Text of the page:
This April I had the pleasure of moderating a panel for the always excellent annual What Now? symposium organized by Art in General and the Vera LIst Center at the New School, New York.
What Now? 2015 examines the idea of listening as a political act, a pedagogical process, and a protocol for engagement. Opening with an analysis of listening, the symposium considers the scientific definition of the term alongside perspectives on listening that are shaped and informed by diverse social, cultural, technological, and spatial considerations. As keynote speaker Lawrence Abu Hamdan has noted, “Listening is not a natural process inherent to our perception of the world but rather constructed by the conditions of the spaces and times that engulf us”.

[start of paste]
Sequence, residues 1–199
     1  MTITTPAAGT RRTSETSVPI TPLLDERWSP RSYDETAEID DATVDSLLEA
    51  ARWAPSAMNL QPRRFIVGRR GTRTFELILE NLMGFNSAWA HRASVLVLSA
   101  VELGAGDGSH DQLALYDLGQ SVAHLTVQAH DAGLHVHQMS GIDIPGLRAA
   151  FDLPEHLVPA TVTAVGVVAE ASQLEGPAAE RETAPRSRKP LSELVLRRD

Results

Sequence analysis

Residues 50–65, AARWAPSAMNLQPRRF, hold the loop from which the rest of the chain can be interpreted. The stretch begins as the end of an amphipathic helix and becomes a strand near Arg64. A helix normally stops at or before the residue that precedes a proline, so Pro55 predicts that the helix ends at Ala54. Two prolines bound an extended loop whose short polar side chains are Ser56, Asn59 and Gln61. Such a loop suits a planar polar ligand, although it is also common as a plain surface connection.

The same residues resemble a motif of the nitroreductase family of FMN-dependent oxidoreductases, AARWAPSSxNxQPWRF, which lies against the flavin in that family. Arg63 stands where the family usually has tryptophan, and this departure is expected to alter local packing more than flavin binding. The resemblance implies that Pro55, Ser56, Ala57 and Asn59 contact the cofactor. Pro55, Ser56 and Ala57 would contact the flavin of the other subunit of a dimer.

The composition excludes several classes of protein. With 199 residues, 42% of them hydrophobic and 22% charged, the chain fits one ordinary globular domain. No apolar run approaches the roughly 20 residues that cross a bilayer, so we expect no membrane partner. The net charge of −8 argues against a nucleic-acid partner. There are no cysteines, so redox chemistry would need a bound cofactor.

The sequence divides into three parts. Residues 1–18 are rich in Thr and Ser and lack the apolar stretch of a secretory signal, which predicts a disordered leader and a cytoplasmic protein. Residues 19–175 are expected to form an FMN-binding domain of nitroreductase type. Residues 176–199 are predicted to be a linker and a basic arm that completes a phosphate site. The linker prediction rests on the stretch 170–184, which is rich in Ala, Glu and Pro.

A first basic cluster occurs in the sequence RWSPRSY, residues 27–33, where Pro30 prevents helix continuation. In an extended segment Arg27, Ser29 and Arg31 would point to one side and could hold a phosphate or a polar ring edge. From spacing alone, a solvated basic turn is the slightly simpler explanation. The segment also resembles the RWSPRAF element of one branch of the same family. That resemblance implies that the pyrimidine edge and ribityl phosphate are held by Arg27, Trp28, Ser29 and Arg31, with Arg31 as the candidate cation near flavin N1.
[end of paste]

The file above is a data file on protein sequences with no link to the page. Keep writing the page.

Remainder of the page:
I participated in SESSION THREE: FACT, FICTION, AND THE IN-BETWEEN
This panel addresses the slippages between truth and fiction in relation to interpretative listening, media communication, and acts of testimony, translation, or redaction. What is the place of language and translation in this evolving narrative space? Every translation sets into play distinct vocabularies and systems of listening and interpreting, and it is in these encounters that priorities and positions are negotiated. In forensic analysis, for example, how are ideas of truth, testimony, propaganda, translation (or “untranslatability”) played out? In terms of oral histories, why are narratives meant to be listened to rather than read alone, and what is the relative role and importance of accuracy, credibility, and the spinning of truth within this realm?
Moderator: Lauren van Haaften-Schick
Participants: Joshua Craze, Naeem Mohaiemen, Beatriz Santiago Muñoz
Full information on the symposium here.